HOUSTON — What felt like an apocalyptic onslaught of pounding rains and rapidly rising floodwaters brought the nation’s fourth-largest city to its knees on Sunday, as highways and residential streets turned to rivers, waist-high waters choked off access to homes and hospitals, and officials begged boat owners to pitch in with an enormous and frantic rescue operation.
It was a scene that evoked Hurricane Katrina in Louisiana in 2005, with worried residents punching holes in roofs in anticipation of the water rising even higher and people being rescued by helicopters from soggy rooftops.
The chaos inflicted by the remains of Hurricane Harvey played out across an enormous swath of Texas, most conspicuously in this metropolitan area of 6.6 million that has long been used to major storms blowing in off the Gulf of Mexico, but that has seldom, if ever, faced a scene quite like this one.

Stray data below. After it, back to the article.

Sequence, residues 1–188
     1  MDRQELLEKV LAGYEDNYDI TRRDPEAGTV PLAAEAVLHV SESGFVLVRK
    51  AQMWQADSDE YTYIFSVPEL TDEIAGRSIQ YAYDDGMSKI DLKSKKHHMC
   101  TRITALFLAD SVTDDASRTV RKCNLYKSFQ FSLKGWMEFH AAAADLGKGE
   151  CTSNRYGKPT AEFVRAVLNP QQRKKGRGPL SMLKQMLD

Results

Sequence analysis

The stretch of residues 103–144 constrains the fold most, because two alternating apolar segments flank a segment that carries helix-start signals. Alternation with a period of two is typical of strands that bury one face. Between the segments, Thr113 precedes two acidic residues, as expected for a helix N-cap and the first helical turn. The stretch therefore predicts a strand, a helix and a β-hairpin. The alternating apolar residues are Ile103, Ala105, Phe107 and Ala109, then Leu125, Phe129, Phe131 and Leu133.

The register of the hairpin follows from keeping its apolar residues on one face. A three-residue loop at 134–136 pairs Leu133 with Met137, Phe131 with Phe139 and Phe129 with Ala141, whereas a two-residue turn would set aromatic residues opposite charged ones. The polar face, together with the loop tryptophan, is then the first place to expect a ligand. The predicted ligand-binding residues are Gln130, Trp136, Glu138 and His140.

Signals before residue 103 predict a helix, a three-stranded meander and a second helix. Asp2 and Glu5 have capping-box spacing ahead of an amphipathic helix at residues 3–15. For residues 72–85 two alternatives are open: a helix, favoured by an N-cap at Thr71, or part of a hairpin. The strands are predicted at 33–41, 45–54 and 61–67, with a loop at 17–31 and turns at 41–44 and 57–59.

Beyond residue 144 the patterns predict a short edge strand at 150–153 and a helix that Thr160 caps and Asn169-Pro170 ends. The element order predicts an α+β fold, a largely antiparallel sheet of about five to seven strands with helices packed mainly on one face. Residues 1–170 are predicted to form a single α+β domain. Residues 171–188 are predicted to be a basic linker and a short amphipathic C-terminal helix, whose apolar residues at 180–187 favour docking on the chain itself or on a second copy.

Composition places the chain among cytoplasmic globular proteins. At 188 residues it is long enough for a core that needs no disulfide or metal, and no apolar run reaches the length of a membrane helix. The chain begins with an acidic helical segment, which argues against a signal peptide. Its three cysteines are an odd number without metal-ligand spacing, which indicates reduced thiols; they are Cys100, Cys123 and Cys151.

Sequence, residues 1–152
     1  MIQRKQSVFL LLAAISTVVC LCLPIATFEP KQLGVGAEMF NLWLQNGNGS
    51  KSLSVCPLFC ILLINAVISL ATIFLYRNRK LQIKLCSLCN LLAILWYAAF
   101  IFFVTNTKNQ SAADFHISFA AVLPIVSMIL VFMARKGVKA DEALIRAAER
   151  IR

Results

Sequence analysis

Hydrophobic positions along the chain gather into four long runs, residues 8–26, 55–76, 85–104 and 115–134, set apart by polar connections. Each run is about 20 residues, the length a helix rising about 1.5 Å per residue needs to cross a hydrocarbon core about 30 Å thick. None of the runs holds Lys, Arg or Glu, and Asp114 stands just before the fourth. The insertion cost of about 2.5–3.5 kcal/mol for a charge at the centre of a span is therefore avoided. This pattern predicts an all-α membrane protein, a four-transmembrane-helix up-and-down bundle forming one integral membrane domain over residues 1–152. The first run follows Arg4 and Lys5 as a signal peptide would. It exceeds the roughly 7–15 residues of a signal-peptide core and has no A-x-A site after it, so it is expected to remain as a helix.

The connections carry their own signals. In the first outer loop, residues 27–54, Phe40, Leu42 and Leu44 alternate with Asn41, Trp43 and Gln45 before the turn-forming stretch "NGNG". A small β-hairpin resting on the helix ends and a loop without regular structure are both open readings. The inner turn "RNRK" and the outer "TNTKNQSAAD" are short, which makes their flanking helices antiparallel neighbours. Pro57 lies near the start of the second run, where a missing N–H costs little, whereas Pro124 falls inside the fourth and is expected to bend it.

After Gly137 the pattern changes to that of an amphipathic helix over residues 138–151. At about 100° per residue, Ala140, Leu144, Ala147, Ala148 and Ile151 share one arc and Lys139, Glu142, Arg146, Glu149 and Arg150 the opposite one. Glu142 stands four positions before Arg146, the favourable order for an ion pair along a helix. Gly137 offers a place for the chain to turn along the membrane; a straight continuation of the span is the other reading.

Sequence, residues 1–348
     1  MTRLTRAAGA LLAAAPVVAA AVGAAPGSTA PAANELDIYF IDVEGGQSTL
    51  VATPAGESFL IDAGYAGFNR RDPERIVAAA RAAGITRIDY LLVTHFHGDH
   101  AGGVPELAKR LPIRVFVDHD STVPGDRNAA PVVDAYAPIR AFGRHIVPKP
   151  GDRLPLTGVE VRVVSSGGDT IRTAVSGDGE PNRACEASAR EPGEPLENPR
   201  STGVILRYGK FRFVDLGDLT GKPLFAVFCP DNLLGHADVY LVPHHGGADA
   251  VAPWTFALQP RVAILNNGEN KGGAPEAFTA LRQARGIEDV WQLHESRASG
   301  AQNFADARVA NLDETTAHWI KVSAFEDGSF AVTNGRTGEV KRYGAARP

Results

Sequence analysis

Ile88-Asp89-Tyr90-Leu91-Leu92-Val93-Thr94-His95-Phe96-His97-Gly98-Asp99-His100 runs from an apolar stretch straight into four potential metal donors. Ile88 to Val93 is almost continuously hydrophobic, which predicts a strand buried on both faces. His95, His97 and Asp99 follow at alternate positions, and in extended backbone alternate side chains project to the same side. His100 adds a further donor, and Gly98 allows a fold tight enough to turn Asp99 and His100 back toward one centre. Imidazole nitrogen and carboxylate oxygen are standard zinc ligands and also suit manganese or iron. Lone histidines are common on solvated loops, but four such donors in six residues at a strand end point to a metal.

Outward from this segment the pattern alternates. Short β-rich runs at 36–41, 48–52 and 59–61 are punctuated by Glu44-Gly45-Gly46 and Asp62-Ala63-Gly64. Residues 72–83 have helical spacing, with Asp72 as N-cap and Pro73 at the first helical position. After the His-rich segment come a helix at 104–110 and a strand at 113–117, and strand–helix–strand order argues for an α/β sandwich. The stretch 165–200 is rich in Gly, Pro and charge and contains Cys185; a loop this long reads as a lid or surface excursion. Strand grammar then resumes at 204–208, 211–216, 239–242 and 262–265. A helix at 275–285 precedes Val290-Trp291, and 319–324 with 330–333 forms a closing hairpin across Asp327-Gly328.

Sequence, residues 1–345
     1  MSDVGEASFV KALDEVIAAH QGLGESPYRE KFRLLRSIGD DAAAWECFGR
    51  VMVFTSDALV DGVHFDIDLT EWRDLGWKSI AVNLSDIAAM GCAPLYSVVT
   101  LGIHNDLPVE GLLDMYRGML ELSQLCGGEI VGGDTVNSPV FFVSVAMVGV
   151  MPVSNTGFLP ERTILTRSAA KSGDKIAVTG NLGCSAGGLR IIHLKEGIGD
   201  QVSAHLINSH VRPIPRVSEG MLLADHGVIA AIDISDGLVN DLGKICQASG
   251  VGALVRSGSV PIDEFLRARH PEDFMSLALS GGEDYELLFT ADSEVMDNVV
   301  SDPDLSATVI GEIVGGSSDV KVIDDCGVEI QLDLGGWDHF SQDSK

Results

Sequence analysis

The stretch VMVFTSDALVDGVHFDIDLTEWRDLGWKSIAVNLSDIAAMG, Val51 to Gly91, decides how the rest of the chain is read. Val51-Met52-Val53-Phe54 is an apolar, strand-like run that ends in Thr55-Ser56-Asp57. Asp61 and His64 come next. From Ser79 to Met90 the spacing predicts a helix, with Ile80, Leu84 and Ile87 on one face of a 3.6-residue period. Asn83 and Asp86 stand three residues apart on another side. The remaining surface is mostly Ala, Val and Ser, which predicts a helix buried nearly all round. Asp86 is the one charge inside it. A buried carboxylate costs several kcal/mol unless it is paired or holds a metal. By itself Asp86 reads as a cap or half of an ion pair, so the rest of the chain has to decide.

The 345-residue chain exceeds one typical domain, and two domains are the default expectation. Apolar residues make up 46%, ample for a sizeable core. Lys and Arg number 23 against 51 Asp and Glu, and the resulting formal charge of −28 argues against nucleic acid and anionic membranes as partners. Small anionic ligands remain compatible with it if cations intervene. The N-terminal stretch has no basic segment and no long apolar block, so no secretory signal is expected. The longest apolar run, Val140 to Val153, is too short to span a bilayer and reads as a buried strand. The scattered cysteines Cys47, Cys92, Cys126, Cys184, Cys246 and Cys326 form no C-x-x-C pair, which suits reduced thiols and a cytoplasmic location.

The storm, which made landfall late Friday as a Category 4 hurricane, has so far left five people reported dead, many others injured and untold numbers of homes and businesses flooded, damaged or destroyed on both the coast and far further inland. Even the National Weather Service seemed overwhelmed by the scope of the devastation.
“This event is unprecedented & all impacts are unknown & beyond anything experienced,” the federal service said on Twitter on Sunday. “Follow orders from officials to ensure safety.”